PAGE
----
The Breakfast Club

Over the years we’ve belonged to a number of interesting clubs that have contributed greatly to our interests and hobbies.  Hiking clubs, birding and sports clubs and the like, but I think that the most rewarding one of all has been our very own breakfast club.  Like the others, this one has its share of members who come and go, but Rob and I, being the core and founder members, are always there to keep it going and wherever our path takes us we are assured of a faithful following, hungry and grateful for our contribution to their lives.  The members of this club are, of course, our beautiful avian friends that we feed every morning.

Long-tailed paradise whydah

Initially it takes a few days for the club to get noticed, but once the word spreads we are inundated with guests.  We often find them waiting even before we have opened our doors in the morning.  They get quite impatient too – if we are late delivering they set up a dawn chorus of chirps to remind us that they’re hungry.  It’s gratifying to see how popular our unofficial restaurant has become.

Blue-waxbill

We get to know the little quirks and eccentricities of some of the regulars and that’s what makes a club like this so interesting.  It really broadens one’s knowledge of temperaments and dominant characters and personalities.  And when we move house we get to meet new and different friends and our next club is soon established and vibrant.

Red-headed-finch

Here in Windhoek we have a wonderful pageant of birdies who visit us every morning.  Apart from the usual house sparrows and canaries, we get to see a number of very colourful birds.  And of course their plumage often changes with the seasons, so we also see them tranforming from their drab winter outfits and developing fine breeding feathers, then strutting their stuff in front of the ladies as they get more beautiful.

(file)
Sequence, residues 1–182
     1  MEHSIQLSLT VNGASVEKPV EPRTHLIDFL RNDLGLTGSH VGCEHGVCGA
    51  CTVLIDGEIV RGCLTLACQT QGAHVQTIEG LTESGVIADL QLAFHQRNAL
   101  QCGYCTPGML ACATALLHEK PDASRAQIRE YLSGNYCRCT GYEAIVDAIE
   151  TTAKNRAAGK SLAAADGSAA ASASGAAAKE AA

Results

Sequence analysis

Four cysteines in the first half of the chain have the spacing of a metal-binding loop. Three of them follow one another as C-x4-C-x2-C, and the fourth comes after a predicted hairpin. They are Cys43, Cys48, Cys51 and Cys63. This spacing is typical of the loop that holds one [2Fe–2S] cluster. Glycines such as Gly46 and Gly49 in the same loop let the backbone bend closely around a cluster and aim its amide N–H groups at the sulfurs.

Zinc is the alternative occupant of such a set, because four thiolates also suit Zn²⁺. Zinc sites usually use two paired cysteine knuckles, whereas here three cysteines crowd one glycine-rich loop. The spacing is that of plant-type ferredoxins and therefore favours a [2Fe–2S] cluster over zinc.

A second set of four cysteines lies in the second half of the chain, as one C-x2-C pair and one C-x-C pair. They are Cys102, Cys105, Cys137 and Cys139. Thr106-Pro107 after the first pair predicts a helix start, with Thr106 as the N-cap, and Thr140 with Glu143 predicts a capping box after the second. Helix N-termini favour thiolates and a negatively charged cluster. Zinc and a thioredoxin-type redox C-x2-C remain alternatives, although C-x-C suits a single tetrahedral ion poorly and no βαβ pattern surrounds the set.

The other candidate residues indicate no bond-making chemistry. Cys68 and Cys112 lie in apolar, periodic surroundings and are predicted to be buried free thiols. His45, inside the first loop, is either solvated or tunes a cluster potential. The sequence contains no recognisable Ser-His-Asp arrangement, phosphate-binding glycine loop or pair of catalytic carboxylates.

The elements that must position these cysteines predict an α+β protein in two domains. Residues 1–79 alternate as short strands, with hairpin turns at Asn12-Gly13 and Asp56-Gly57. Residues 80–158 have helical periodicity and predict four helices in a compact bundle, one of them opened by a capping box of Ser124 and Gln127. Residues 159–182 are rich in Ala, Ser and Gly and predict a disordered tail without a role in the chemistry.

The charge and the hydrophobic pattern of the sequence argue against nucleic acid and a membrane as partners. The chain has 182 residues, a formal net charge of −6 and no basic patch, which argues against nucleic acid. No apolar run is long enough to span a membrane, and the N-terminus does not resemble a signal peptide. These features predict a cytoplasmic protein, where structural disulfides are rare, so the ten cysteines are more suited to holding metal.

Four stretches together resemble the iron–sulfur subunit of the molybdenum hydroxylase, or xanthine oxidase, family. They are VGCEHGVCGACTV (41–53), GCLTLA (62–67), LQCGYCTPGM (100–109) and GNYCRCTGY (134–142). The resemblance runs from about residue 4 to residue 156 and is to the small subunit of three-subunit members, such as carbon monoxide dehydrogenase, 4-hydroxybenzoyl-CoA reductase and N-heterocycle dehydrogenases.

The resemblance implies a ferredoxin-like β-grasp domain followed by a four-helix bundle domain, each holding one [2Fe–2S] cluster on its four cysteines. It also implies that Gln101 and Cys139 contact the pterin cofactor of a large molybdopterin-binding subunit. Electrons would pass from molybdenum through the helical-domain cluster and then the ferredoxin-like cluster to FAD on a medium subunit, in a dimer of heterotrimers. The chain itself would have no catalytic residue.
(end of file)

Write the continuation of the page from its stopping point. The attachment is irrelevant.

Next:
Southern-red-bishop

Because of the regular supply of seeds and bread, a number of southern masked weavers have built nests in the trees next to our fence.  We’ve been able to watch them rearing their babies and launching them into the world (sometimes with disastrous results!)  If we could offer crawling and flying insects as well we would have a much wider variety of birds to welcome to our space, but unfortunately that is a little more difficult than buying a packet of seeds or a loaf of bread from the local supermarket!

Southern masked weaver

Some of the birds we’ve fed here include :

Bulbuls, blue waxbills, red-headed finches, southern masked weavers, red-billed queleas, rosy-faced lovebirds, southern red bishops, long-tailed paradise whydahs, chestnut weavers, acacia pied barbets, shaft-tailed whydahs, laughing doves, speckled pigeons, pale-winged starlings, great sparrows, canaries, white-browed sparrow weavers.  (I’m sure there are a few that have slipped my mind!)

Red-billed-quelea

It’s delightful to start the day off watching these beautiful little creatures getting stuck in to their breakfast.  Kind of sets a peaceful tone for the rest of the day.  An added bonus is that we can photograph them too.

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  1. Pingback: Swee Waxbills at Kirstenbosch | Wilkinson's World

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